Exercise may be at least as effective as some drugs in lowering the risk of death in stroke patients or people with heart disease, reveals a study published Wednesday that compares effectiveness of exercise versus drugs.
Researchers from the London School of Economics, Harvard Medical School and Stanford University School of Medicine compared the findings of several studies into the effectiveness of exercise versus drugs in people with coronary heart disease, stroke patients, people with prediabetes and those with heart failure.
They analysed the results of 305 randomised controlled trials involving 339,274 individuals.
The data trawl "found no statistically detectable differences" between exercise and drug treatment in reducing mortality for people with coronary heart disease or prediabetes symptoms, according to a statement released by the British Medical Journal (BMJ), which published the study online.
In stroke patients, the team found that exercise was more effective than drugs, while medicine worked better at treating heart failure.
The team urged more trials to back up their findings, given the current dearth of information on the topic.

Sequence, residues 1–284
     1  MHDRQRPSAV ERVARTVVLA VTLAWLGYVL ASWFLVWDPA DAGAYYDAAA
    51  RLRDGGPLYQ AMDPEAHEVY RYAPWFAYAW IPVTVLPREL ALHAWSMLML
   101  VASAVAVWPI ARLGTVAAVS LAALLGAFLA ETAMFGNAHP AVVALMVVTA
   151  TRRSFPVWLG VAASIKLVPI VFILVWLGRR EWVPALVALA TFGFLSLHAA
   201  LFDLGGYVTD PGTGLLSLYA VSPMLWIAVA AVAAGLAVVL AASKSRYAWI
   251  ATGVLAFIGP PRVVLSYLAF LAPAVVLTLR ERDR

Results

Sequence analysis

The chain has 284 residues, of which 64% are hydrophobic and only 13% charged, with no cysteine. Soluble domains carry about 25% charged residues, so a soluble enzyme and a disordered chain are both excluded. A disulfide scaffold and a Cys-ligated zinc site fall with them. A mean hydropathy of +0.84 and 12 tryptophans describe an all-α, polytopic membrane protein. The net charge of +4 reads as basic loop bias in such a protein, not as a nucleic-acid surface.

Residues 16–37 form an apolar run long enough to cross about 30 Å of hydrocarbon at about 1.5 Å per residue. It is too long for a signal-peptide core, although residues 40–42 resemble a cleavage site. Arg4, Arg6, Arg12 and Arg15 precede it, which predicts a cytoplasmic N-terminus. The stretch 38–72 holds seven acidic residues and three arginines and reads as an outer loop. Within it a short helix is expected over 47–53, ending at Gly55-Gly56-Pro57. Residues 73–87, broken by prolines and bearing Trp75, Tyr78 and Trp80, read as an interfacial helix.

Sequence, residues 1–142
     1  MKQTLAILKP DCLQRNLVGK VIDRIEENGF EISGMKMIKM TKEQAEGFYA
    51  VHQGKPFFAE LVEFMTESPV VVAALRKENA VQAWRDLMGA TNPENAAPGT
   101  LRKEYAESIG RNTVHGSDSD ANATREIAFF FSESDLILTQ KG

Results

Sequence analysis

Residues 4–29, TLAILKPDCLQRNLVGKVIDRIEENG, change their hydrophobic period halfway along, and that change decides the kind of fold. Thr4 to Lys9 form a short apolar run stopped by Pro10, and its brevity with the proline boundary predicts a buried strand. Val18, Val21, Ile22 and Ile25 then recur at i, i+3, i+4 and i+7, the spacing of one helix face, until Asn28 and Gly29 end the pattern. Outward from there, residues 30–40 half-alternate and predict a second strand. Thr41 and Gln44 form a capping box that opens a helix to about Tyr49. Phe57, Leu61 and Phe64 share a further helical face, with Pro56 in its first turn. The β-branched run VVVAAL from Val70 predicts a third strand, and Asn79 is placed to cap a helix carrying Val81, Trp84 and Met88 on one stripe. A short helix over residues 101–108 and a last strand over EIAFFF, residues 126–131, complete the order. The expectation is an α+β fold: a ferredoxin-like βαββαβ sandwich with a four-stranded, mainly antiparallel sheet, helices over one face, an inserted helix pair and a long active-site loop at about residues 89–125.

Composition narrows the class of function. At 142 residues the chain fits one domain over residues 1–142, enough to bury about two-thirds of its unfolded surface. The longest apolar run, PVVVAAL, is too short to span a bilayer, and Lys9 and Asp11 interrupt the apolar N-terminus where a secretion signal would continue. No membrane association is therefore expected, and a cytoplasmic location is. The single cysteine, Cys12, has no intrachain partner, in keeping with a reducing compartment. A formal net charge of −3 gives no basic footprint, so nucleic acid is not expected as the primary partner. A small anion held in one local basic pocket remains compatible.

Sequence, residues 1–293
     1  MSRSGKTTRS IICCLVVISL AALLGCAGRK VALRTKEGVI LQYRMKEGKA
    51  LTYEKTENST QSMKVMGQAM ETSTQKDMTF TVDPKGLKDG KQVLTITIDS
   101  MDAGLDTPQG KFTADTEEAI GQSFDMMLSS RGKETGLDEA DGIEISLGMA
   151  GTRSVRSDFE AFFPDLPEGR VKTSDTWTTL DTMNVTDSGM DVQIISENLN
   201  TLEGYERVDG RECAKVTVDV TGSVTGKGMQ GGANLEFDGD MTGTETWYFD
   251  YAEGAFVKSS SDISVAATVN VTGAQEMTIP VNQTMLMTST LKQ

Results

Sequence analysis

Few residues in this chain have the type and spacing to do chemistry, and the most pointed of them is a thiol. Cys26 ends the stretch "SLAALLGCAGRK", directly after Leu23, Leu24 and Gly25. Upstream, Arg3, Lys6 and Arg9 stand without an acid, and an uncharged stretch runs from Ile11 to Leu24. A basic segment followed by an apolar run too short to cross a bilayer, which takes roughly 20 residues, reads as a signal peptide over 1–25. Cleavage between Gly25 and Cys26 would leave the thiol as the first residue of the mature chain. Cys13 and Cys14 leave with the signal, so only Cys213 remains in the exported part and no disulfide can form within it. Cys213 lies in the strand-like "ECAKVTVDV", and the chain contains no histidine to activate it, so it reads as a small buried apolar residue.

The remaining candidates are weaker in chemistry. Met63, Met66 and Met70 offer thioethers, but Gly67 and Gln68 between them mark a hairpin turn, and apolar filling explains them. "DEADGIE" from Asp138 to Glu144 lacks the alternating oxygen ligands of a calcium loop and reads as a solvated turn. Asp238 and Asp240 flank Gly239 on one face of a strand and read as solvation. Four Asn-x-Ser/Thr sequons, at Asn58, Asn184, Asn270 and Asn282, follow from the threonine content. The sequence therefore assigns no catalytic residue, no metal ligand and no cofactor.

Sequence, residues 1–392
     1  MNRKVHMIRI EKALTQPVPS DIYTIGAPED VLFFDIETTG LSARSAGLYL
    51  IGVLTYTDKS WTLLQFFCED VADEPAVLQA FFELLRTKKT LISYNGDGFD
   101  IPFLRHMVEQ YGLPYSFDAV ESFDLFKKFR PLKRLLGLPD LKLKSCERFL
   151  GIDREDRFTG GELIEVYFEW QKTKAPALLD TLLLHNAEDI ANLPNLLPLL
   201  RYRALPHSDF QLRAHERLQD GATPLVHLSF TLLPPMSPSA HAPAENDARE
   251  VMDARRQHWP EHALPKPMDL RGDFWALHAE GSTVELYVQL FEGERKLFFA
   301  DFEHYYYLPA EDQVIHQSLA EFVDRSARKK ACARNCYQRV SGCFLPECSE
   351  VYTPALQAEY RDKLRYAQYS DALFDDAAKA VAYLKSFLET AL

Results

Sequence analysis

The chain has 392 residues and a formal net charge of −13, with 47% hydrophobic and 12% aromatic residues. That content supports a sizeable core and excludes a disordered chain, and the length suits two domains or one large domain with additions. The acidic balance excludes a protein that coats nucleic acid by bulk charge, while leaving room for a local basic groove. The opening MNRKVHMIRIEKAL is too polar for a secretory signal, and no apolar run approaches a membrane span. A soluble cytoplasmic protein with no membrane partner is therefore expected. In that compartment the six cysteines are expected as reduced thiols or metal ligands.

While exercise is a key factor for better health and long life, most research focused on drugs instead.
Medical research, said the team, "seems to increasingly favour drug interventions over strategies to modify lifestyle."
"The current body of medical literature largely constricts clinicians to drug options", rather than prescribing exercise in cases where this may be a more effective treatment.
Until more is known, exercise "should be considered as a viable alternative to, or alongside, drug therapy", the team wrote.
The World Health Organisation (WHO) says physical inactivity is the fourth-leading risk factor for global mortality, causing an estimated 3.2 million deaths globally each year.